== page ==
Meanwhile, on shore, Wayne Lambright was snapping off photos of surfers riding the waves. As Yachtsea’s drama unfolded, the amateur lensman took a 130-photo sequence of the boat rolling and the rescue, and posted it on his restaurant review Web site, www.sfsurvey.com.
Lambright says word of the photos spread like wildfire, drawing over 4 million page views daily at his site (he says he typically gets about 10,000 daily page views) over several days.
Schmidt, 39, a human resources manager from San Carlos, Calif., headed out under the Golden Gate with Brazelton about noon April 2 for an afternoon sail. He says it was windy — about 20 knots out of the west — and the swells were large. Beating out to the ocean, they reached Mile Rock, a mile from the bridge, and decided to call it an afternoon. The ocean was too rough to sail, and Brazelton was getting cold. They were homeward bound, sailing downwind on a port tack and hoping to set the sails wing and wing. Schmidt sent Brazelton forward to set the whisker pole to hold the jib to windward.
Already feeling a little hypothermic, Brazelton “was slipping and sliding all over the deck,” Schmidt says. So he put his crewmember on the tiller and went forward himself. He hooked the pole up but couldn’t set it to windward because the wind was blowing so hard. So he settled for setting the jib to leeward and took the tiller back.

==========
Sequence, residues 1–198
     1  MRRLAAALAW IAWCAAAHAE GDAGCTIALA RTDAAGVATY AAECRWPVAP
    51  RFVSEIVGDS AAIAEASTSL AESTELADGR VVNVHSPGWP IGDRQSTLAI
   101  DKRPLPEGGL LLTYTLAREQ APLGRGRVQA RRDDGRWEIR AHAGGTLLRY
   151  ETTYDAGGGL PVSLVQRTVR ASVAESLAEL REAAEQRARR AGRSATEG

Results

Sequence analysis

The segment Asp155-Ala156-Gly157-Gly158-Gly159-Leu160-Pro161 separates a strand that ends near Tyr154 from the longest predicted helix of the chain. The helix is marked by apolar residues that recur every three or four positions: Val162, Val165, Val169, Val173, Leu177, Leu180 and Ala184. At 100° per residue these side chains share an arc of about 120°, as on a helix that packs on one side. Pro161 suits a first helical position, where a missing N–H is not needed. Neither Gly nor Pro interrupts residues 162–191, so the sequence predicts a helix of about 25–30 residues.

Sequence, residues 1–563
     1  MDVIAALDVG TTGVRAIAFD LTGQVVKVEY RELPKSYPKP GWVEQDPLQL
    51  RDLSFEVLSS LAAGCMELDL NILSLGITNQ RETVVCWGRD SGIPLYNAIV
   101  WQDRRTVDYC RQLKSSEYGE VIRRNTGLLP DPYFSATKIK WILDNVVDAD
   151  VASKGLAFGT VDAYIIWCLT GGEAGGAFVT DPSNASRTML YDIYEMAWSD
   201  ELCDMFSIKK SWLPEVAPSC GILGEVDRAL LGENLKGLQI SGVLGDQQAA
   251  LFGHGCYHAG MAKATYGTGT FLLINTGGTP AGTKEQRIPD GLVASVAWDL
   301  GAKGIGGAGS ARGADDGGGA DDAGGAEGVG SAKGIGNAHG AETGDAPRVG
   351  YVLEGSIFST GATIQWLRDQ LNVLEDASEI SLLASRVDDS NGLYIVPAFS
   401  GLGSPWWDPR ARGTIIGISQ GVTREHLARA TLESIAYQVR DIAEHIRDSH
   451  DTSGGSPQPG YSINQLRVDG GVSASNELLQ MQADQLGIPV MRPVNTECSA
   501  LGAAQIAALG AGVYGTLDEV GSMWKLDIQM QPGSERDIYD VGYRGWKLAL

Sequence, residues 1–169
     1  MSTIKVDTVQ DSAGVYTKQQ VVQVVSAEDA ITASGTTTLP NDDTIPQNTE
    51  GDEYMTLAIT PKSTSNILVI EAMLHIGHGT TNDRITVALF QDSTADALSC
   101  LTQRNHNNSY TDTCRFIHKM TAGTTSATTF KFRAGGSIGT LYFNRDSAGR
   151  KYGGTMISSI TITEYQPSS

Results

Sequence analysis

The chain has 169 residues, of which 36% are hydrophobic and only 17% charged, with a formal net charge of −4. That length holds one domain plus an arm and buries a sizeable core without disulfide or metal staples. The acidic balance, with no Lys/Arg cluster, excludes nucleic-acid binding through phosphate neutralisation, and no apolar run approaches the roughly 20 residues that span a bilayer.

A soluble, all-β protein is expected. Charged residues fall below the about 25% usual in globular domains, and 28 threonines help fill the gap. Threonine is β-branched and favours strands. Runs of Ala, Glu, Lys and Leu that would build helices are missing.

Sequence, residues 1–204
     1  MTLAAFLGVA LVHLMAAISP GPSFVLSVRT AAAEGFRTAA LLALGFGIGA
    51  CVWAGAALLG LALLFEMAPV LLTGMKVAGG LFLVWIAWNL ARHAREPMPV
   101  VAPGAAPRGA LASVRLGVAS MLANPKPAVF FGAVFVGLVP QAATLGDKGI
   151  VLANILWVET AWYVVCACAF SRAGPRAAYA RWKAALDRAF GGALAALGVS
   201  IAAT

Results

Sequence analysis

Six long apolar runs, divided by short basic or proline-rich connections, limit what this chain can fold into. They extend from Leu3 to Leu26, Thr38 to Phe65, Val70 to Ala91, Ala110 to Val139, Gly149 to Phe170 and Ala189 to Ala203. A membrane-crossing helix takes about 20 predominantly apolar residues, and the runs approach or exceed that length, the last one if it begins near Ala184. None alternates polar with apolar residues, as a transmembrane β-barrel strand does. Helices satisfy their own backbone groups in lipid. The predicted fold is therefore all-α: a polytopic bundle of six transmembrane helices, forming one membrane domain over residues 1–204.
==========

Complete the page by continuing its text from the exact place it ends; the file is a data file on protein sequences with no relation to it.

Schmidt had planned to sail under the bridge’s center span, the safest choice when the waters under the south span are roiled with breaking waves. Pacific swells rolling up the bay sometimes reach the Golden Gate and break at the bridge between the south tower and shore — usually close to land. Schmidt says he had transited the bridge many times before under the south span — without incident — by staying well away from shore and from the breaking waves.
Schmidt soon discovered he couldn’t sail high enough to make the center span without taking down the whisker pole, so he decided to hazard the southerly route. As Yachtsea approached the bridge, he was surprised to see surfers — and breaking waves — far out from shore. Fearing he might hit one of the surfers, he focused on them — two to port and a number more to starboard.